Fiasco: On the designer's website, he includes a free standalone Fiasco playset based on Mortiston. Fiasco is a non-conventional storytelling game, in which a playset establishes the relationships and motivations of the players, as well as the location where the story takes place. The players then create the scenes and play out the story, improving details as the game session plays. Thus, the player-generated specifics of a Fiasco playset can compliment the broad overview of a campaign (and do much of the work for the GM!). The GM himself can modify the playset and interrupt play (eg. adding the plot-twisting Fiasco "Tilt") as necessary -- even stealing ideas generated in the Fiasco play session for the overall campaign. Fiasco sessions have a reputation for dark endings, well-suited for "Welcome to Mortiston, USA".

EEP!: EEP! 1 is the first "Extended Electronic Package" for "Welcome to Mortiston, USA", and is available as a separate $2.99 purchase from DriveThruRPG.net. I am not clear if other EEPs will be made, and when EEP! 1 was originally written.

PDF: The download comes in both a colored and black-and-white format. I particularly liked that the formats allowed printing of individual sections and NPC and location pages without widows and orphans. Most of the art is useful (eg. NPC and locations pictures), reducing the amount of ink and toner used for GMs wanting a hardcopy.

Overall, Mortiston is an excellent post-apocalyptic campaign setting. But like all campaign settings, the GM will have to work on the specifics, or use a system, like Fiasco, which will do this for him.

Rating:
[4 of 5 Stars!]
Welcome to Mortiston, USA! An All-American Zombie Apocalypse
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Dungeon Crawl Classics #75: The Sea Queen Escapes
Publisher: Goodman Games
by Cedric C. [Featured Reviewer]
Date Added: 04/09/2013 03:36:53
I pretty much look forward to a new release of Dungeon Crawl Classics, at least those by Goodman or Stroh. The best ones injected a good dose of weirdness to your typical fantasy RPG, but with a coherence that gave a "method to one's madness". Most adventures I've read do either one, but few do it together like DCC.

Unfortunately, Curtis' The Sea Queen Escapes does the weirdness well, but lacks any structure or meaning behind it (cf. the cultist's tentacled lair in People of the Pit). That still puts this adventure on the level of some of the great AD&D adventures, like White Plume Mountain, or Expedition to the Barrier Peaks. The encounters, while linear, are immensely creative, and highly themed to the adventure (a water vault, followed by an earth prison). Additional useful rules are provided for water-based dungeoneering. The adventure has about twenty encounters, including the climax.

I would suggest DCC's Jewels of the Carnifex over this adventure, but if your players need some more experience, your group will enjoy this adventure.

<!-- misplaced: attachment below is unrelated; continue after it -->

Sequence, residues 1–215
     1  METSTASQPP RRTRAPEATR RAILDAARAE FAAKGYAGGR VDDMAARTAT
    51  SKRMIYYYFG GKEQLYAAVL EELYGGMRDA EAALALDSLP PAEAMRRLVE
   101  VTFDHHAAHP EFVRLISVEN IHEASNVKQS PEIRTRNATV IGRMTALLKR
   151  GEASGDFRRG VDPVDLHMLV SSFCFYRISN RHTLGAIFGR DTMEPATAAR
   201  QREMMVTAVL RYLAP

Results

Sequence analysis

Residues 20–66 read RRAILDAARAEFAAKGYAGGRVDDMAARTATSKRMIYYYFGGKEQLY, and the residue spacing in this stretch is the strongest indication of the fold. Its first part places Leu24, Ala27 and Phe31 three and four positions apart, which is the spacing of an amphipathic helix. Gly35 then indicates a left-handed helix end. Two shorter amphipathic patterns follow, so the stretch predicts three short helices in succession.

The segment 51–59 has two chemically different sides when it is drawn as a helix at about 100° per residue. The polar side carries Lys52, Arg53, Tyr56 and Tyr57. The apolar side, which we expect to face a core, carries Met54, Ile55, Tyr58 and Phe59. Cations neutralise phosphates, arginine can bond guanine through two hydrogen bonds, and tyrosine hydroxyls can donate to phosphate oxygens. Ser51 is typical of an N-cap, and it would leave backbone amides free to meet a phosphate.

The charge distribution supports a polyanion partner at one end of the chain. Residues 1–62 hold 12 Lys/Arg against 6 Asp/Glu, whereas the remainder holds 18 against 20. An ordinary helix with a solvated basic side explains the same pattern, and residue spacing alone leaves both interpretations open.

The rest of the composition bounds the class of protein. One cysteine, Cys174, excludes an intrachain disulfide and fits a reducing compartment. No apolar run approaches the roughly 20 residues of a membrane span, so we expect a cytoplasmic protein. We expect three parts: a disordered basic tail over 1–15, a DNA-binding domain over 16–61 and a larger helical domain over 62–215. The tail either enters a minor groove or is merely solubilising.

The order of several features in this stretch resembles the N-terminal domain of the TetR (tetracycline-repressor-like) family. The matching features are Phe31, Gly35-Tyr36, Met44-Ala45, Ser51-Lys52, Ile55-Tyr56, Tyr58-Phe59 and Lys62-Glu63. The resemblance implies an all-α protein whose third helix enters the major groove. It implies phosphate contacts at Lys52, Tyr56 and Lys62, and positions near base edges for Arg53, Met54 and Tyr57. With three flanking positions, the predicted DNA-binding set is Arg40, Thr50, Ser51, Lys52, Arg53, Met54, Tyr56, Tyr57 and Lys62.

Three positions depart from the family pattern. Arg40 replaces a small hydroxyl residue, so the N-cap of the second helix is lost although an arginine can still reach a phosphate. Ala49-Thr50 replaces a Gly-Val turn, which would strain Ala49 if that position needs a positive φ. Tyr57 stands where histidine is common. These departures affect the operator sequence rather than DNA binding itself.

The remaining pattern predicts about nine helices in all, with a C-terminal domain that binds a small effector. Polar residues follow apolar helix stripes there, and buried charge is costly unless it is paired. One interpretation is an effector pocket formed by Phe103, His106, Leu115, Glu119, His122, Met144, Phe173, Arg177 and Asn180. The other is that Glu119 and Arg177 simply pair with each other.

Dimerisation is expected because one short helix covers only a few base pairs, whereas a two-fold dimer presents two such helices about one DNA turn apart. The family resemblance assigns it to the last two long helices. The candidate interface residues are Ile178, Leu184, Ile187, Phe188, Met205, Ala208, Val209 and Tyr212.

Rating:
[4 of 5 Stars!]
Dungeon Crawl Classics #75: The Sea Queen Escapes
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Marvel Heroic Roleplaying: Annihilation Event Book (Premium Edition)
Publisher: Margaret Weis Productions
by Cedric C. [Featured Reviewer]
Date Added: 04/07/2013 23:01:44
Introduction

The Marvel Heroic Roleplaying Annihilation Premium Event Book is a full-featured Event spanning the various Annihiliation books. The Premium edition includes the Basic book's Operations Manual. The Event book also serves as a sourcebook for Marvel's cosmic empires and entities. The Hero Datafiles contain entries for Marvel's cosmic heroes and anti-heroes.


Operations Manual

The Operations Manual included in the Premium Event Book is the same as the Marvel Roleplaying Basic Game. It includes a Random Datafile Generator to create characters, but not the Example of Play download. (Note: OM18, The Doom Pool as Opposition, has an example of ship vs. ship combat, which may be useful as an example for starship vs. starship battles.)


Cosmic Scale

The Event book has a host of gamemaster preparation suggestions and optional rules to run a cosmic-scale event. I'm most impressed at how organically MHR adds cosmic comic book ideas to its narrative system. Starships are treated as characters, so easily fit into the game mechanics. Unlockables can be used, such as an unlocked ally Skrull infiltrating an Annihiliation Wave base, allowing the heroes in. To represent an impending threat, a die from the Doom Pool can step up as its act as the Timer complication. (And when it reaches d12, it doubles, returns to the Doom Pool, and can be spent as 2d12 to end the scene -- with the planet destroyed!) And the Doom Pool starts at four dice! Players receive cosmic assistance as well, with Cosmic Power Sets. Play a Shi'ar with the Nova Corps Centurian Power Set. Or recreate a cosmic Human Torch with the Herald of Galacticus Power Set.


Sourcebook

In addition to gamemaster preparation, the Event is presented as a Sourcebook and three Acts. The Sourcebook can be used outside of this Event, and summarizes the Kree Empire, Skrull Empire, Nova Corps, Shi'ar Empire, The Eternals, The Negative Zone (including Annihilus and The Annihilation Wave), Galactus, The Crunch (Kyln), and Other Cosmic Locations. Datafiles of important characters and archetypes are included, as well as milestones and unlockables for each faction. (The Hero Datafiles also include player characters who belong to these factions.) Additional cosmic Event Milestones are also included.